This is the reference:
Roy F. Baumeister & Juan Pablo Mendoza (2011): "Cultural Variations in the Sexual Marketplace: Gender Equality Correlates With More Sexual Activity." The Journal of Social Psychology, 151:3, 350-360.
ABSTRACTI always keep an open mind and am able to admit I have been wrong when I encounter new evidence invalidating my previous views. However, having read this article, I don't think the data prove that gender equality leads to more sex for men. Let's look at the actual figures. The numbers in the below table form the entire basis of Baumeister's conclusion. He didn't bother to conduct any surveys himself. Instead he relied on an online sex survey done by condom manufacturer Durex in 2005, from which it was not possible to obtain separate data for males and females, or even gays and straights. Numbers from this database were then combined with an index of gender equality for each country obtained from the Global Gender Gap Report 2006.
Sexual economics theory assumes that heterosexual communities can be analyzed as marketplaces in which men offer women resources such as love, respect, money, and commitment in exchange for sex. In response to economic, political, and other disadvantages, women collectively restrict their sexuality to maintain a low supply relative to male demand, thereby ensuring a high price. Hence, we tested the hypothesis that sexual norms and practices would be more restrictive in countries marked by gender inequality than in countries where the genders were more equal. An international online sex survey (N>317,000) yielded four measures of sexual activity, and 37 nations' means on all four measures were correlated with independent (World Economic Forum) ratings of gender equality. Consistent with predictions, relatively high gender equality was associated with more casual sex, more sex partners per capita, younger ages for first sex, and greater tolerance/approval of premarital sex.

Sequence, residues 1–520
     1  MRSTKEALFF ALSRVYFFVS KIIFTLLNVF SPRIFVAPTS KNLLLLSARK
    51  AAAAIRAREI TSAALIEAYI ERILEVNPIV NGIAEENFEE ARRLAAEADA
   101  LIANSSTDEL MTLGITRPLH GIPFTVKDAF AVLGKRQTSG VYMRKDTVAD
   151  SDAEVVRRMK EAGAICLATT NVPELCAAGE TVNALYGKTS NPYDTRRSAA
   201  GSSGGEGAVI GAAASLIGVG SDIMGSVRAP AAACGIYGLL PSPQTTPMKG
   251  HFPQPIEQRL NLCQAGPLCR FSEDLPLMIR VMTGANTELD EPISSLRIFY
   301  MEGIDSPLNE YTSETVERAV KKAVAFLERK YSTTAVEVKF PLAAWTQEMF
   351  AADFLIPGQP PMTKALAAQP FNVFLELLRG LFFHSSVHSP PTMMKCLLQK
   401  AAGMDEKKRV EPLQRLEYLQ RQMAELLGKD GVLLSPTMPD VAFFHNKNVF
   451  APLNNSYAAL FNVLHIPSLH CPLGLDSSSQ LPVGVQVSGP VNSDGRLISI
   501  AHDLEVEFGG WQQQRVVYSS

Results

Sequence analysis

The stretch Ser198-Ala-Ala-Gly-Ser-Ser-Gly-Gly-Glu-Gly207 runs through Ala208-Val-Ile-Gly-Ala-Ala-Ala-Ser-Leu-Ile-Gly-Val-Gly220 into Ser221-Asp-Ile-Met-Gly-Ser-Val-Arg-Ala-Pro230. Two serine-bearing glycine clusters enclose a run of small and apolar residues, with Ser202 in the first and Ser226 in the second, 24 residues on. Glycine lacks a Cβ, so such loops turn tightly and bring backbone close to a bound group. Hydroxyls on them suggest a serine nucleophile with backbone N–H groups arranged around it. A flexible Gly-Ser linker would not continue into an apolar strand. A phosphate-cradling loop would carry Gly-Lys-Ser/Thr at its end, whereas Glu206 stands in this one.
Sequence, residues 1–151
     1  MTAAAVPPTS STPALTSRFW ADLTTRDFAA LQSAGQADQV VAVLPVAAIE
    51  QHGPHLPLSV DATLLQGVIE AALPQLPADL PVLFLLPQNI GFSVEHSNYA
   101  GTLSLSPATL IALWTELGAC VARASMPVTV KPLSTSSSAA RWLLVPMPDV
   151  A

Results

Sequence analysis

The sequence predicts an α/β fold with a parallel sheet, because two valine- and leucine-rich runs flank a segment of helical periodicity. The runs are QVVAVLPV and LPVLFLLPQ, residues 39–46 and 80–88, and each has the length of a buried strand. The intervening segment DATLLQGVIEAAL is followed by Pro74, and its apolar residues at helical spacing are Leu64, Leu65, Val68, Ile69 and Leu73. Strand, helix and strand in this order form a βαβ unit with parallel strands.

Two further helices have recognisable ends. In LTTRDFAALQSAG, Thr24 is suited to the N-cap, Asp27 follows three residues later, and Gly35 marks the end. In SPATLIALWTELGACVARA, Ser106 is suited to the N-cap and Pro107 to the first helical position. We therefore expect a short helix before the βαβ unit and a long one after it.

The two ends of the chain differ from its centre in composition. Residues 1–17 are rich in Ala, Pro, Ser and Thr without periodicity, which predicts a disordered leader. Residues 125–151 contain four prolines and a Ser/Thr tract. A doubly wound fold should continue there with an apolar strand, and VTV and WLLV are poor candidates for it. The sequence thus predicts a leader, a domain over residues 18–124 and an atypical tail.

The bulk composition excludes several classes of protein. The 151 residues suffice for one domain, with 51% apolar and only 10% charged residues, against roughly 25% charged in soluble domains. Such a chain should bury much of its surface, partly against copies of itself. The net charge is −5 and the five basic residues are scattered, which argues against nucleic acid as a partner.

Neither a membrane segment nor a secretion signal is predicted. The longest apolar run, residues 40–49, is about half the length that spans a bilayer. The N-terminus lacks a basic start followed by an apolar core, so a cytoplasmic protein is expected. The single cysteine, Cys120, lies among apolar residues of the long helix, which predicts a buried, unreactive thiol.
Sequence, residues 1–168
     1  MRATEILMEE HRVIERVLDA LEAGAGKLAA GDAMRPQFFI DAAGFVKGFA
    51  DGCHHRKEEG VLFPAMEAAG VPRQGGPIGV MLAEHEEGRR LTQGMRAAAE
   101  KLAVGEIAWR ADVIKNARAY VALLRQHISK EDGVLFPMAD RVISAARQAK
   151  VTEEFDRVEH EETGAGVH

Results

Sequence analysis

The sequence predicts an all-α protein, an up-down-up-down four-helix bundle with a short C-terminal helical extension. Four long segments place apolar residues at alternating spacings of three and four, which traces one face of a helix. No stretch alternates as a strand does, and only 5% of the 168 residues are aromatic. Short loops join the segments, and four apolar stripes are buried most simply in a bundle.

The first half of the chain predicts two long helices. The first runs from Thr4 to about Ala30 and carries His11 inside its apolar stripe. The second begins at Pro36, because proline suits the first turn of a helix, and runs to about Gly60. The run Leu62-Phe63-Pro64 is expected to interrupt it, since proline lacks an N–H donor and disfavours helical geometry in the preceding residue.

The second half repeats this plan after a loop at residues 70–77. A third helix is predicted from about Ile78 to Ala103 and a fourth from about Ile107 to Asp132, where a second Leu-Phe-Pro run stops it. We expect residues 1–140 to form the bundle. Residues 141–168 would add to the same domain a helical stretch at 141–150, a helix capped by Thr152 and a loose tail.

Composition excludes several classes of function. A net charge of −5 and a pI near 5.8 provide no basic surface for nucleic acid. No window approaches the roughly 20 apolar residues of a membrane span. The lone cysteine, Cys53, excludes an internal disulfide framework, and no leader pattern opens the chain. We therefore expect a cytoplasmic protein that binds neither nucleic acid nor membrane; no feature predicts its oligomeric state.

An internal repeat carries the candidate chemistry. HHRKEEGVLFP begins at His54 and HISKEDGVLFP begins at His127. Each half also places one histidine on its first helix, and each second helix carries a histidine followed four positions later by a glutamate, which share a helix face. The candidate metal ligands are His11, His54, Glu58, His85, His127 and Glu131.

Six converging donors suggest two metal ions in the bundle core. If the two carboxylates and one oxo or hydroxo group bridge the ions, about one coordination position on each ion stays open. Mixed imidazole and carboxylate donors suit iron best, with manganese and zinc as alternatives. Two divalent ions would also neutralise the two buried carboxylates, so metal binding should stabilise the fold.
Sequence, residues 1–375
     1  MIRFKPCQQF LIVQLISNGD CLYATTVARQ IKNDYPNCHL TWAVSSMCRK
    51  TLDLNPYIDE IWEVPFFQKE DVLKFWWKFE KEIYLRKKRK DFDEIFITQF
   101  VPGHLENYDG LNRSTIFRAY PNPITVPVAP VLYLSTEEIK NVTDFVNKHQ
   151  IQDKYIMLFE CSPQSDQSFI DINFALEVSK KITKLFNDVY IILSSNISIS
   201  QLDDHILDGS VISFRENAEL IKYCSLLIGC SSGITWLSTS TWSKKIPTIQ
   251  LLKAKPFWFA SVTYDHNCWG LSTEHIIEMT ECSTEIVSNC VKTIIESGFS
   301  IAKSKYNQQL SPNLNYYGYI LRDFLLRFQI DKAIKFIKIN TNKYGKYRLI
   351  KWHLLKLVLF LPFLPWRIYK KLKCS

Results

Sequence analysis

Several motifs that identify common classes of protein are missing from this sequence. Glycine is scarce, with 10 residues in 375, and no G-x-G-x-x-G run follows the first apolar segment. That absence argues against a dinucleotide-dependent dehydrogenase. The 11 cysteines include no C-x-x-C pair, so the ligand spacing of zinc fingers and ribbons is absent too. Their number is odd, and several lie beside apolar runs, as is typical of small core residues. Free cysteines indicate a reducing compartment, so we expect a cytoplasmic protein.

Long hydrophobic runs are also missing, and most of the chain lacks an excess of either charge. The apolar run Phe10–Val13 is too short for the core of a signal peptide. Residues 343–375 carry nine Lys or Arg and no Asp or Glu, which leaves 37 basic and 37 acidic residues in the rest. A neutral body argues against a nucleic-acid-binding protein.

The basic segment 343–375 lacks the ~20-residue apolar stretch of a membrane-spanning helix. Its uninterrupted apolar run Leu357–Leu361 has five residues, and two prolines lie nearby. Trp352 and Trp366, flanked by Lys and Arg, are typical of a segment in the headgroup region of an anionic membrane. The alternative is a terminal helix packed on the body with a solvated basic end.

For one thing, the least gender-equal country in the data set (Turkey) is also the one with the highest number of partners, and they are also not terribly far behind on casual sex. How do they do this? But let's say Turkey is some kind of aberration and these correlations are generally accurate. Even so, it's easy to understand that they don't necessarily warrant the conclusion that women dispense sex more liberally when they get more gender equality. If you for example have a bunch of people trading monogamy for casual sex once a year, you get fabulous scores on these "indices of sexual activity," yet there is less sex going on, to say nothing of happiness or quality of life. Clearly these indices can be misleading. And even if there is more casual sex going on in gender-egalitarian societies, and women are willing to be more promiscuous, we have reason to believe a great deal of this extra sex befalls alpha males. The number of partners in the table is just an average, which says nothing about the distribution of these partners. It may not be so egalitarian after all. More likely, something like a Pareto distribution is in effect. It would be consistent with this study as well as every observation and everything I know that 20% of men get 80% of the casual sex. In Norway a full 30% of the population hasn't had a single one-night stand, either. So what if there is less casual sex in non-feminist countries, and you have to wait a couple more years to lose your virginity? As long as you are pretty much assured a wife, this is a better proposition for beta and omega men who rarely if ever would get laid in a feminist society. We already knew alphas have a good time under feminism (at least until they get hit by a rape accusation), so there is really nothing new under the sun in this study.